THERE was no prevarication. Throughout he displayed a stolid resignation to his fate in the hope there was life for him beyond the grave. "I did the deed with a good heart and I am willing to die from the same."

The 'deed' was to slaughter his partner of several months by smashing a hatchet into her head and cutting her throat, then calmly walking out of the house they shared with her elderly parents who made the shocking discovery of her body propped up against a front room chair and lying in a pool of blood.

Such was the horrific nature of the crime hundreds of people thronged outside court to await James Caffyn's remand hearing which was met with thunderous booing and hissing. Only a few people however were admitted to the proceedings where, extraordinarily, the couple's dog was allowed to sit behind the 31-year-old labourer and be affectionately patted once the formalities had been conducted.

The victim was 38-year-old Maria Barber, the daughter of hawkers.

Barber had endured a difficult relationship with her father, finding him remote and cold, and leaving her native Isle of Wight, she initially moved to Hastings and then found work in hop gardens in Kent where she met Caffyn. They co-habited in lodgings in Brighton, remaining on the mainland for some six months until they moved in with her parents in the hamlet of Elmfield near Ryde.

Four weeks later, she was dead.

Daily Echo: A bloody axe.

Barber had evidently got tired of Caffyn, affectionately known locally as 'Jim' who had found work in Brading, and told him to leave. A bewildered Caffyn accused her of using him and uncharacteristically became violent. In fear, she rushed to neighbour Hugh Grist, whom she had known since a child, pleading: "For God's sake, come in for he have pinched me, kicked me and tried to strangle me."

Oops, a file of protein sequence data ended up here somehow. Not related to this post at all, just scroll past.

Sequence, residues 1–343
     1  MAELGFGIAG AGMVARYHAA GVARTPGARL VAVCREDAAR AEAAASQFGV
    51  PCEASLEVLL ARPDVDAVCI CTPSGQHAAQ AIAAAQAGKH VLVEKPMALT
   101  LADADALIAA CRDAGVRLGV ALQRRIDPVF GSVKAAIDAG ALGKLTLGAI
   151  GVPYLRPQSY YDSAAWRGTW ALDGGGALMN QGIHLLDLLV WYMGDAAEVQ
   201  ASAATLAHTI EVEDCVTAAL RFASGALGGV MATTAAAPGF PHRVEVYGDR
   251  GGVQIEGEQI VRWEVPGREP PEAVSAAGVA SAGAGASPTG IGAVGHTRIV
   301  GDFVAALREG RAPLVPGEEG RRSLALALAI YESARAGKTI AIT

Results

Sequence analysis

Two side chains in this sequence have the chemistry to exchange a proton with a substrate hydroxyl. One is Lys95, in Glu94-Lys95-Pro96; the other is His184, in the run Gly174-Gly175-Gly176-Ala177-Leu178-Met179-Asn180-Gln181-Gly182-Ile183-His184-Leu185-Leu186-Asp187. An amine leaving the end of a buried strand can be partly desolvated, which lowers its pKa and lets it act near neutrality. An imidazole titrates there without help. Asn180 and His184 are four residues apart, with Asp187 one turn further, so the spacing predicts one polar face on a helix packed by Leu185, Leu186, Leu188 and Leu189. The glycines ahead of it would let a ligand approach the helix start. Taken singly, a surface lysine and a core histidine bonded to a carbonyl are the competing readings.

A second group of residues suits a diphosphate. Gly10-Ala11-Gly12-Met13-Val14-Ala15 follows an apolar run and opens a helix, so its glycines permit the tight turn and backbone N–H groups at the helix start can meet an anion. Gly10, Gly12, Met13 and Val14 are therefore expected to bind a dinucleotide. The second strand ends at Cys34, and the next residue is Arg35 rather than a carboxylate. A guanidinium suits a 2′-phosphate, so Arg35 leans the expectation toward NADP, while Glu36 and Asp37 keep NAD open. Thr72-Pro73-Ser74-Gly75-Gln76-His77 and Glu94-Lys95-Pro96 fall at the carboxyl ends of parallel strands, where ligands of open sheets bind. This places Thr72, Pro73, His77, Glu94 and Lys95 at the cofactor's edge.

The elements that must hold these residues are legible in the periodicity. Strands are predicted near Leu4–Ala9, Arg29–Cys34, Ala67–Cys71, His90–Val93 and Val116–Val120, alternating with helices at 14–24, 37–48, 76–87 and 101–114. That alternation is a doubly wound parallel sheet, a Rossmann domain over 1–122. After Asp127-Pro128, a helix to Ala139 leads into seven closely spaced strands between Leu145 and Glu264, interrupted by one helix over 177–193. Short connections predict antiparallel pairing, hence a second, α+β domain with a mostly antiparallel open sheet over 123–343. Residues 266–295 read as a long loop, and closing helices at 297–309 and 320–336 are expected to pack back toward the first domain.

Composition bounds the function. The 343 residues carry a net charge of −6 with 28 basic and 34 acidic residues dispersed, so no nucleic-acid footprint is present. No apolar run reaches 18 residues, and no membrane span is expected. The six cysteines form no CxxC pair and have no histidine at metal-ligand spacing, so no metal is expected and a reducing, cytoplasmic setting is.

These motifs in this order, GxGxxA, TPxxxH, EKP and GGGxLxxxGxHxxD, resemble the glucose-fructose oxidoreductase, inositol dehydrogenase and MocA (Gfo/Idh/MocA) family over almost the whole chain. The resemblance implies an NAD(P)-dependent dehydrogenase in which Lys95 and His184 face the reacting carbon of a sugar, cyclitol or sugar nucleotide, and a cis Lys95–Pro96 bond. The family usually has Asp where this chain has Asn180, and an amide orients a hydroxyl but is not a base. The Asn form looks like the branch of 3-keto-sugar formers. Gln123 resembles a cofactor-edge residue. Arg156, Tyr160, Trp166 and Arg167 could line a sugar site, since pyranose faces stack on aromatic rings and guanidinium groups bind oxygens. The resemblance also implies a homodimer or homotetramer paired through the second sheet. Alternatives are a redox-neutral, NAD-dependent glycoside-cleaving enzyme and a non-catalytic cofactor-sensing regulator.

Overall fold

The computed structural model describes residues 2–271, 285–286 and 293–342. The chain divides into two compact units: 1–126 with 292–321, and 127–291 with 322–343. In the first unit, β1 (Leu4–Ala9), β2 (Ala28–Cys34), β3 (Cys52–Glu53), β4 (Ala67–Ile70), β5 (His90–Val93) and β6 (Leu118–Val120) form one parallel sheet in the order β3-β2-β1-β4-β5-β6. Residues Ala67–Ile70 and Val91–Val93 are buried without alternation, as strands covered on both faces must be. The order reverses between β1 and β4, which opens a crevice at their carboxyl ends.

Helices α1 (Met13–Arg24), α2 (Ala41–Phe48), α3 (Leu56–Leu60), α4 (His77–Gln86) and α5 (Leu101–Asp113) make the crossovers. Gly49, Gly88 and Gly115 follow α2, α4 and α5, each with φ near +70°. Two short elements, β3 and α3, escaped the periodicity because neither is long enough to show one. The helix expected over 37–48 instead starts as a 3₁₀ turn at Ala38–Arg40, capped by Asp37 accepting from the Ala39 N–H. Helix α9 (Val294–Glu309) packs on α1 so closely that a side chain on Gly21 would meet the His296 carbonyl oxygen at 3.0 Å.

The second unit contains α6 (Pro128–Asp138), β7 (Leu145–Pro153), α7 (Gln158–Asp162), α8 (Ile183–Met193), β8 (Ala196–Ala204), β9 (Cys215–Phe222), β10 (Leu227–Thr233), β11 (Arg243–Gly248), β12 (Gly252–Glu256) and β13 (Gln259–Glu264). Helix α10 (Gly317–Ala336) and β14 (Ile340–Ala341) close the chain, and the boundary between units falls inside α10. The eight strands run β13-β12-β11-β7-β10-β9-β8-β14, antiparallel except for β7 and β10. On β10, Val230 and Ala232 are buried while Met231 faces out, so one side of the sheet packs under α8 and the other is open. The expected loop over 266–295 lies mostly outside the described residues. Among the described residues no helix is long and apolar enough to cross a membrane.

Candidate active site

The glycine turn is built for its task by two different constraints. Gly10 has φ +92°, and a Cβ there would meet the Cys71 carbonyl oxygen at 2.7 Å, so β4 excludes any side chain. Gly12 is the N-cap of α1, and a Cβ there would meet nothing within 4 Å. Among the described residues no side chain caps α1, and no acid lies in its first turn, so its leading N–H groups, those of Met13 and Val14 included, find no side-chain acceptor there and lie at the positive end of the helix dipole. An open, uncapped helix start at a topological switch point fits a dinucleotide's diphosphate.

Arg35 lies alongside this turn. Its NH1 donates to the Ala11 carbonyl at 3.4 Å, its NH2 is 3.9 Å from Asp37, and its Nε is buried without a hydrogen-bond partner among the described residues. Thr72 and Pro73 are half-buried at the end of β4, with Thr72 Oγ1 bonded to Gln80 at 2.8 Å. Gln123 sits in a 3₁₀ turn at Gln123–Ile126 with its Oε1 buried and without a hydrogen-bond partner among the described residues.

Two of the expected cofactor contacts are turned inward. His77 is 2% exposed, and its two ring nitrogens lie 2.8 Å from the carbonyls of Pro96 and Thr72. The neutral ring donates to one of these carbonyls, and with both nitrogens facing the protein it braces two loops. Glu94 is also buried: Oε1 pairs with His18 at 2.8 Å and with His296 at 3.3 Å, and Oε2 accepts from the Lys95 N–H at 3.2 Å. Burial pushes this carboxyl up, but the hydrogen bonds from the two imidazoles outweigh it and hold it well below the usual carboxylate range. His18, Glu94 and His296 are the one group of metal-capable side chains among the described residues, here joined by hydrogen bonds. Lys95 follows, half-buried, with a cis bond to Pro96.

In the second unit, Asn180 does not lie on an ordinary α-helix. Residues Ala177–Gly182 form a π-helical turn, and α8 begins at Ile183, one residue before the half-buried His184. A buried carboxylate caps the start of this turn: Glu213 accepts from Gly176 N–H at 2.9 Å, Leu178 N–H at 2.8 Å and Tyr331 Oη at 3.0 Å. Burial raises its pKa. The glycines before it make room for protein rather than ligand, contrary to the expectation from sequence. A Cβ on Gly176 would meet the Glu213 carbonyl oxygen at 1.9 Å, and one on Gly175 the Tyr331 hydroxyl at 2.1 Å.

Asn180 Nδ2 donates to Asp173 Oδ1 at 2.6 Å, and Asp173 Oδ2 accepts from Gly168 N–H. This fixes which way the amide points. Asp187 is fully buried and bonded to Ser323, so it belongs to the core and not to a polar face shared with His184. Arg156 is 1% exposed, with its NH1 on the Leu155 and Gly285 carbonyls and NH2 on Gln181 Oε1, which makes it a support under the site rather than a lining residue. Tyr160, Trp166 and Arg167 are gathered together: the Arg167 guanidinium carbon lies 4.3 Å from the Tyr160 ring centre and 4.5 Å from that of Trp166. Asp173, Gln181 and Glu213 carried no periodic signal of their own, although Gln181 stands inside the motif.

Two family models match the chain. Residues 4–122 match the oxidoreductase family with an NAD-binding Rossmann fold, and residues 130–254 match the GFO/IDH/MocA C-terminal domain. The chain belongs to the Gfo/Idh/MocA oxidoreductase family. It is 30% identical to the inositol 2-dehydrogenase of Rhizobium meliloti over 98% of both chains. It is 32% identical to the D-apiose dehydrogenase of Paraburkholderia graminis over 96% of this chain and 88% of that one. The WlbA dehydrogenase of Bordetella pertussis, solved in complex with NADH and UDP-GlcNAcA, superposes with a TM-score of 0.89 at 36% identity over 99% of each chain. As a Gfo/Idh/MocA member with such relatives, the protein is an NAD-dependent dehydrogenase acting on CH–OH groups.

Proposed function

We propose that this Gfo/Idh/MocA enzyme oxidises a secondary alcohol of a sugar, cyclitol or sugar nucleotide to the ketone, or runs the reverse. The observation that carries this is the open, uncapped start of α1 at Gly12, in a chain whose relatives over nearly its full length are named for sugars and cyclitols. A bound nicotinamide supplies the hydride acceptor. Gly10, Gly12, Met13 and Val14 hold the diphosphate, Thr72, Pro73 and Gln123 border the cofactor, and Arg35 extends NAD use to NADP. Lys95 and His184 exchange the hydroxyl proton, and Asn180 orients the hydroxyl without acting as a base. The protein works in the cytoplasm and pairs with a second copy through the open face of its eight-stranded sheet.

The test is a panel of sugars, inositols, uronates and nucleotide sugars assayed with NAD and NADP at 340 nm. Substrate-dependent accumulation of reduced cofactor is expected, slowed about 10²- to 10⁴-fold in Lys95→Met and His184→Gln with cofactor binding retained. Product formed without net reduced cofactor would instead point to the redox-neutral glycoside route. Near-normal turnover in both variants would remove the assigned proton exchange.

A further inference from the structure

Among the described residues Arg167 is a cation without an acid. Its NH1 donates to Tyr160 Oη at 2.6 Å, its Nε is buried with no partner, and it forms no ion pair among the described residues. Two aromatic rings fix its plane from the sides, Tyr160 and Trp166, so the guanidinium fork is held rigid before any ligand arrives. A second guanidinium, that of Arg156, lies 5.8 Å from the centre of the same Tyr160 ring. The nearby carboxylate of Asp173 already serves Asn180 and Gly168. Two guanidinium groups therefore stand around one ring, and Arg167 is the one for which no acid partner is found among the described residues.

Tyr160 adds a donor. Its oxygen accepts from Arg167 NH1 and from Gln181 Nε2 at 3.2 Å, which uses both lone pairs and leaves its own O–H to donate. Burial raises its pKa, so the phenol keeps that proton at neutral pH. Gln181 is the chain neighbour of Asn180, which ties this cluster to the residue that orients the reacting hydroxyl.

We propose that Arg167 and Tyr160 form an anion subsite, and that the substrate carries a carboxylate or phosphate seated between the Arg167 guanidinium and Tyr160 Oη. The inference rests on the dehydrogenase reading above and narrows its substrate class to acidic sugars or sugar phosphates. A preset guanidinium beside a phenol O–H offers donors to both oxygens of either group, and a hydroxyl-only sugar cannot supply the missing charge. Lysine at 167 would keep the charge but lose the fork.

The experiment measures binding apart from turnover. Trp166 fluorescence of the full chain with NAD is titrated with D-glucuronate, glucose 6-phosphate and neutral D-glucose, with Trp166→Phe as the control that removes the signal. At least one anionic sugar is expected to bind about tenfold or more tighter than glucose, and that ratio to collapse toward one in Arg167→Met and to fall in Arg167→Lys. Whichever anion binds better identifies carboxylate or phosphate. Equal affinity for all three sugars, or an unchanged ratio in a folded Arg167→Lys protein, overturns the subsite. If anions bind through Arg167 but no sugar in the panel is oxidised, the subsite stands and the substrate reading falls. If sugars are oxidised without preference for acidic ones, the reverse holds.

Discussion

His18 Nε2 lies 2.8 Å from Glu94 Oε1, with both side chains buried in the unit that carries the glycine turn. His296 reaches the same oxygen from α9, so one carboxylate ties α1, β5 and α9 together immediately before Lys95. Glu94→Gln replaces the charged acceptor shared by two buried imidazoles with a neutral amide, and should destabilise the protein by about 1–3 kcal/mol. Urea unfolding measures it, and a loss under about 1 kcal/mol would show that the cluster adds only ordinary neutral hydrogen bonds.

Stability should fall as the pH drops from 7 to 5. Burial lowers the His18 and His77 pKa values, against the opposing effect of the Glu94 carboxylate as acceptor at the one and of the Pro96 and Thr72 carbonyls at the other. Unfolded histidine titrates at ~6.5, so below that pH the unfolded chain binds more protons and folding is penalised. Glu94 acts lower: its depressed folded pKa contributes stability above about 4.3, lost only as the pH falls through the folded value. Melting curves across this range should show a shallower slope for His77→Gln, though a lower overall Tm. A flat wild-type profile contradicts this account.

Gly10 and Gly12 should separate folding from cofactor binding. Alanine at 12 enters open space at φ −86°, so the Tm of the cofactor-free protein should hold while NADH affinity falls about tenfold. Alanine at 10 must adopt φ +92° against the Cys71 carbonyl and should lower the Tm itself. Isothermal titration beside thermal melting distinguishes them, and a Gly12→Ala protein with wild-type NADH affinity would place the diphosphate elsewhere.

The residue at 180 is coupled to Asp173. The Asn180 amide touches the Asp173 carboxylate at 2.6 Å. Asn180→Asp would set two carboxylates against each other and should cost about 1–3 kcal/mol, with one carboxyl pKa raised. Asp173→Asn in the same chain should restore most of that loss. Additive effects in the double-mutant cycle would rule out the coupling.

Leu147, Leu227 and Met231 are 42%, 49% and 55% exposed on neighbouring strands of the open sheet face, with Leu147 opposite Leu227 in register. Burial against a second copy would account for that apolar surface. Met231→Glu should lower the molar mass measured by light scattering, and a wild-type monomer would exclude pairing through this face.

The greengrocer accompanied her back to the house where he encountered her enraged partner standing by the downstairs room door. Hurling further abuse at Barber, he told her to fetch his clothing from their bedroom. She meekly complied and he calmed down.

"He was quite sober and during the time she was gone, he didn't speak to me," Grist was to say at her inquest. "He didn't appear to be in a very angry or excited condition but when she came down and put the items on a chair, he again used bad language towards her.

"She told him 'I'll give you all the money I've got if you will go.' He made no answer and went upstairs and returned in a few minutes with two short whips, a dog's chain and an axe."

The couple then rowed about custody of their little white dog. Caffyn told Barber it was his but she insisted he shouldn't have it. The argument blew over in five minutes and Grist went to open his shop, leaving him in the front room and she in the back room.

No sooner had the grocer returned home when Barber's hysterical mother called him. He jumped over the fence and ran into the front room where he saw her husband standing by a fender over their daughter's body which was cold. The axe lay nearby as did her dog. The wall was spattered with blood and he rushed to find a police officer.